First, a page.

Thanks to the Family Medical Leave act of 1993, *every pregnant or nursing mother is guaranteed 12 weeks of leave from their job to care for their newborn. However, as citizens of other developed nations are frequently stunned to hear, the law does not guarantee paid leave, only job security. In other words, the maternity leave that the U.S. system has adopted is one of a “right not to be fired.”
The complete FMLA guide is available here. However, we’ll touch on some of the major points below.
Qualifying For Maternity Leave
To qualify for Maternity Leave under FMLA guidelines, potential mothers must meet several requirements. The main requirement regarding FMLA qualifications is employment time at a particular company. However, we’ll go over all of them in depth below.
You Have Been An Employee For One Year
To qualify for maternity leave at your company, you must have been at that same company for at least one calendar year before requesting maternity leave. This key date here, the first day of employment at the company, is when the clock begins. Not, for example, the day you accepted the offer.
Average 25 Hours Per Week
There is a catch to the one-year requirement, and that is that not only do you need to have been working for your current employer for at least a year, you also need to have worked at least 1,250 hours in the year leading up to the pregnancy. This works out to about 25 hours per week.
Your Employer Is Not FMLA Exempt
Extremely important to know for anyone planning on becoming pregnant whether your employer is within a category of business exempt from FMLA guidelines. The primary feature of companies that are exempt from FMLA guidelines is those with less than 50 employees. So in Texas, where small business is king, your employer may well be exempt from offering you unpaid maternity leave.
Intermittent leave or a Reduced Schedule
Intermittent leave is a type of maternity leave a pregnant woman may receive if deemed medically necessary. Essentially, in high-risk pregnancies, the mother may be required to make multiple hospital visits a month, if not every week. Intermittent leave allows the potential mother to take time off they need as deemed by the medical condition.
How to do it: you have to request it from your employer 30 days before needing the intermittent leave. As pregnancies can bring uncertainties, we realize this may seem impossible. Best practices are to request intermittent leave as soon as you know it is going to be necessary.
Teachers and FMLA
Given the time frame of the school year, which operates for nine months out of the year (which is typically 12 months), FMLA had to incorporate a particular class of laws for just teachers. Among the most essential stipulations is that summer vacation (if your school does not meet over the summer, typically) does not count against your 12 weeks guaranteed by FMLA regulations.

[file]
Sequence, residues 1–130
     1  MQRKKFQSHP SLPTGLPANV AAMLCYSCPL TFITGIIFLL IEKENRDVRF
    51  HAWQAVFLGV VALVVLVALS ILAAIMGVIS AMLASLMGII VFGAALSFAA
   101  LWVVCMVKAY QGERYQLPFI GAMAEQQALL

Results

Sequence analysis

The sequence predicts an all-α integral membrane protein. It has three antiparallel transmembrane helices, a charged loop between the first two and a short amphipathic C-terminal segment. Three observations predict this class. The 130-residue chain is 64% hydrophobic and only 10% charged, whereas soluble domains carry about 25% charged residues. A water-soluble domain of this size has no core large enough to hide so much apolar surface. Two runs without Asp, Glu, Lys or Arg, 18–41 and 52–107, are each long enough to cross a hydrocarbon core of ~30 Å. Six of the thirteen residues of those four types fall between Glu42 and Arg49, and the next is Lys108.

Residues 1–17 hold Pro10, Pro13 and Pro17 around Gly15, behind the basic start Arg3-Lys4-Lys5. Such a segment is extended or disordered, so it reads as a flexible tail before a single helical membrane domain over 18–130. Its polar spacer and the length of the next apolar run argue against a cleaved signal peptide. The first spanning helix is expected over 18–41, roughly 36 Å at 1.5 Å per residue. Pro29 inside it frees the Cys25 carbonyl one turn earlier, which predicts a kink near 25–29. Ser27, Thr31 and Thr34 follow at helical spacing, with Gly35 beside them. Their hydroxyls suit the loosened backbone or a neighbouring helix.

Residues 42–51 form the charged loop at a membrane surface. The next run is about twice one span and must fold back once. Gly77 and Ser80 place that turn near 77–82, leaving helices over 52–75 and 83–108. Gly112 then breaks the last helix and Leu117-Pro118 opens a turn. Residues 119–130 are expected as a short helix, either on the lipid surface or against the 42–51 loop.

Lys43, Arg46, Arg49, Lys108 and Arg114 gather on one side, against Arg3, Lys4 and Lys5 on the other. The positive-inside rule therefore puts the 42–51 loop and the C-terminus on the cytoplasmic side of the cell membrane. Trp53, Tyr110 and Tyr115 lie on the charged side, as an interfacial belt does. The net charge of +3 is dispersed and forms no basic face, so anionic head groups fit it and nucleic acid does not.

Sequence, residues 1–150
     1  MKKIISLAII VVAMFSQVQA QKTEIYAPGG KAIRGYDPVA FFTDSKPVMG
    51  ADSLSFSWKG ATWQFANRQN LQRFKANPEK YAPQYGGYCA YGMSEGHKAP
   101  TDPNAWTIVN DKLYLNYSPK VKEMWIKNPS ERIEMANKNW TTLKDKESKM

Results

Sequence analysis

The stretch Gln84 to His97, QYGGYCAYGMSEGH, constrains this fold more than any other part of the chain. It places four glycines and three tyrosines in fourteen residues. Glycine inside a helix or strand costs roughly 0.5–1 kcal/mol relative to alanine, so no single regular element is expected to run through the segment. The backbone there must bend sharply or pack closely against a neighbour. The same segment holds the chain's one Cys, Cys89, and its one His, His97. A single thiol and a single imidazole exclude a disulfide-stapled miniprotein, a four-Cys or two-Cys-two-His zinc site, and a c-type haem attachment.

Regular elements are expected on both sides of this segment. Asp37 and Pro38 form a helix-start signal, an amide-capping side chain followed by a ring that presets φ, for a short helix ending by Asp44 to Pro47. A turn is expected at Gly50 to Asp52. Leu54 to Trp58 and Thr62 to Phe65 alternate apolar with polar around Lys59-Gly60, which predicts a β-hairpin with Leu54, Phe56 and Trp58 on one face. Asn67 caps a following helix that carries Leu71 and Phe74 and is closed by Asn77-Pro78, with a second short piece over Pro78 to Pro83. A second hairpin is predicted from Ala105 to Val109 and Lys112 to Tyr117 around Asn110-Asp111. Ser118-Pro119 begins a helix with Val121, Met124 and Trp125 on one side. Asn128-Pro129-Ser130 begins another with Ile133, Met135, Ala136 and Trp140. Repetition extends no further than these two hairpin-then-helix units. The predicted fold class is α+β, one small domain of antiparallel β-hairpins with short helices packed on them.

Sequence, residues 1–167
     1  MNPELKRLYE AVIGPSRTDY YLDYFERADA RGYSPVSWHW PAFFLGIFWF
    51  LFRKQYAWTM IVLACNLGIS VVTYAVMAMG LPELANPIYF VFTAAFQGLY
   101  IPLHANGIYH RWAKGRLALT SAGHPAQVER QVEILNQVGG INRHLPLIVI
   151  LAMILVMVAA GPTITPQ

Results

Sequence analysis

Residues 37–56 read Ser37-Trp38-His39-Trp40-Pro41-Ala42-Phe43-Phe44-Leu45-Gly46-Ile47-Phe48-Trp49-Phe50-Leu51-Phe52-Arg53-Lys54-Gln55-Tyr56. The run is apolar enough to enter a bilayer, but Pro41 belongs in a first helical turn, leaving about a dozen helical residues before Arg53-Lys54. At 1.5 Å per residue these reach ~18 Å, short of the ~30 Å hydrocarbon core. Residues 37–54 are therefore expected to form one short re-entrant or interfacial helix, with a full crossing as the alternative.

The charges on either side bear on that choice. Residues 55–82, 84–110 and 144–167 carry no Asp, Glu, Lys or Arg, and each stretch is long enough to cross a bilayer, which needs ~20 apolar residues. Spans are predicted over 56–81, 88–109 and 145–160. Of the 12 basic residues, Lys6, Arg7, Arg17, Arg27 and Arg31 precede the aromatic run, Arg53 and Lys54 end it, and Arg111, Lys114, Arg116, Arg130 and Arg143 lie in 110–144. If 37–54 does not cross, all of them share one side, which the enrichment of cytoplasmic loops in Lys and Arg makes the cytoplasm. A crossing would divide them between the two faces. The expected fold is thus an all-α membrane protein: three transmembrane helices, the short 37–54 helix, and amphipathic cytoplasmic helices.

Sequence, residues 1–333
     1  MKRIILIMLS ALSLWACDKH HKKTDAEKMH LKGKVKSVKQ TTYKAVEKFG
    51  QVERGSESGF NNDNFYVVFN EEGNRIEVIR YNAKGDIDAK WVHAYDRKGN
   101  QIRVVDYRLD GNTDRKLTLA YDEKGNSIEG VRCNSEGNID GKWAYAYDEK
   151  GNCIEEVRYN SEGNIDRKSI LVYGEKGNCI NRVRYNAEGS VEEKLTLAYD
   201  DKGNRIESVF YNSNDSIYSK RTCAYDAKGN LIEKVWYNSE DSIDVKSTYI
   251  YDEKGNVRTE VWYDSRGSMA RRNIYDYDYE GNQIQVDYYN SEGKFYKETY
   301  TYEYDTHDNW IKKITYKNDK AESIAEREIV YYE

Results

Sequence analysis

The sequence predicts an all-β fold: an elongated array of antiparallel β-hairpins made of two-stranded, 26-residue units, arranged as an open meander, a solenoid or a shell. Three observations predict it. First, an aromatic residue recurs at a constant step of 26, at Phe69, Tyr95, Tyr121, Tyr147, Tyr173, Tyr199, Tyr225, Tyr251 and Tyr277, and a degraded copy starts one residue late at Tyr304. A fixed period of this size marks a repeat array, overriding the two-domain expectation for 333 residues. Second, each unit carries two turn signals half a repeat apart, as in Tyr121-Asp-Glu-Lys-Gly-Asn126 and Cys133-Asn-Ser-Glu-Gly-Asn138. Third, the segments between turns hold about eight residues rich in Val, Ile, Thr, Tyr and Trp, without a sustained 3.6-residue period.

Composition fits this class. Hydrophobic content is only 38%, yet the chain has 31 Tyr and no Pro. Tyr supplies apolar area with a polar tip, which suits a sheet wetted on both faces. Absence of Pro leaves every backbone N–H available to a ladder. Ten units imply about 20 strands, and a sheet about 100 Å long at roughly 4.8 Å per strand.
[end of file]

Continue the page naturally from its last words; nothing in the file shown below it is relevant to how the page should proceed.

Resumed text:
Time Off Allowed By FMLA
Assuming you qualify for unpaid maternity leave (see above), federal law guarantees you 12 weeks off to care for and bond with your new child. Extensions such as intermittent maternity leave or even medical leave are possible but must be deemed medically necessary.
Additionally, this unique stipulation only applies to elementary, middle, and high school educators. Therefore colleges/universities, pre-schools, grammar schools, and the like are not included in this exemption.
Do You Have To Take The 12 Weeks During Birth?
No. Mothers can utilize their 12 weeks of guaranteed unpaid leave at any time after the child has been born. Many people choose to take sick days or paid leave days first for the birth process and then utilize their 12 weeks after the fact.
Is Maternity Leave Paid Leave?
To reiterate the point from the opening paragraph, as of the final session of 2021, companies are not required to offer paid maternity leave. Nevertheless, companies are free to offer the benefit themselves, and it’s a route more and more companies have been taking this approach with increasing frequency.
This list of 180 companies that offer paid maternity leave, which is by no means expansive, illustrates the direction many companies are going. Outside of the ethical considerations, it has served as a promising way to lure talented young women away from companies that lean on the standard 12 weeks of FMLA law.
Paternity Leave in Texas
Paternity leave is not required by either the federal government under the Family Medical Leave Act or the state of Texas (obviously). However, several companies (we’re hoping to create an updated list) have chosen to offer paternity leave to their employees.
Those companies include financial giants Prudential and TD Ameritrade. The latter, TD Ameritrade, owns both Citigroup and JP Morgan Chase, which offer 16 weeks’ paid leave for new dads. In addition, outside of Texas, tech giants such as Google, Twitter, and Facebook all offer paternity leave (paid, paternity leave at that).
Recent Law Changes
Despite its perennial controversy and frequent speculation, very little has been done to change maternity leave laws in the state of Texas. Neither of the three special sessions from 2021 passed significant legislation on maternity (or paternity) leave. We will leave this section open for addressing, explaining, and contextualizing new maternity leave laws as they become part of Texas law.